10 Feb 2010:
Growth of World’s Cities,
Global Trade are Driving Deforestation
The rapid expansion of the world’s urban populations and globalized trade — not the growth of small-scale farming in rural areas — have emerged as the primary forces driving tropical deforestation worldwide
, according to a new study. In the late 20th century, researchers tied the clearing of the world’s forests to the growth of rural populations and the related building of infrastructure and
Land clearing in Brazil
roadways. But with more people moving to cities in recent years, large industrial farms have expanded into forested areas to meet the demand from surging agricultural markets, according to the study, published in the journal Nature Geoscience
. “One line of thinking was that concentrating people in cities would leave a lot more room for nature,” said Ruth DeFries, lead author of the study and professor at Columbia University’s Earth Institute. “But those people in cities and the rest of the world need to be fed. That creates a demand for industrial-scale clearing.” The researchers analyzed population and economic trends from 41 nations across Latin America, Africa, and Asia from 2000 to 2005, as well as remote-sensing images of forest cover from the same period. They found that the greatest forest losses were associated with urban growth and increases in agricultural exports.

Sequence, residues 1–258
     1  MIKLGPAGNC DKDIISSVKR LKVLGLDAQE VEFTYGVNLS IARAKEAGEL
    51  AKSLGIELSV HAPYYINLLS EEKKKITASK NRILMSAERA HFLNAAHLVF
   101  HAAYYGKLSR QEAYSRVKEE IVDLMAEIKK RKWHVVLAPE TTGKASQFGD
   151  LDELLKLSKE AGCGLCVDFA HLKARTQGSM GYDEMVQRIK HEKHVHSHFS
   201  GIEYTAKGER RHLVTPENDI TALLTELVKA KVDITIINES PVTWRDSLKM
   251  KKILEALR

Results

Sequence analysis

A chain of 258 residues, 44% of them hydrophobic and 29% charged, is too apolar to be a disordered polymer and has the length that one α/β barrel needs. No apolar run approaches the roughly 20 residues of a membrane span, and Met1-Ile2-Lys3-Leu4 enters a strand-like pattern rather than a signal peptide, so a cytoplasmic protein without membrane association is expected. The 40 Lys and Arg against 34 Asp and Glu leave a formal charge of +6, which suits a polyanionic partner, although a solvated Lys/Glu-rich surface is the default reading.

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A look at how acidifying oceans could threaten the Dungeness crab, one of the most valuable fisheries on the U.S. West Coast. Watch the video.
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An aerial view of why Europe’s per capita carbon emissions are less than 50 percent of those in the U.S. View the photos.
An indigenous tribe’s deadly fight to save its ancestral land in the Amazon rainforest from logging. Learn more.
video series looks at the staggering amount of food wasted in the U.S. – a problem with major human and environmental costs. Watch the video.
Residents of the Chocó Rainforest in Ecuador are choosing to plant cacao over logging in an effort to slow deforestation.
Watch the video.
Tribal people and ranchers join together to stop a project that would haul coal across their Montana land. Watch the video.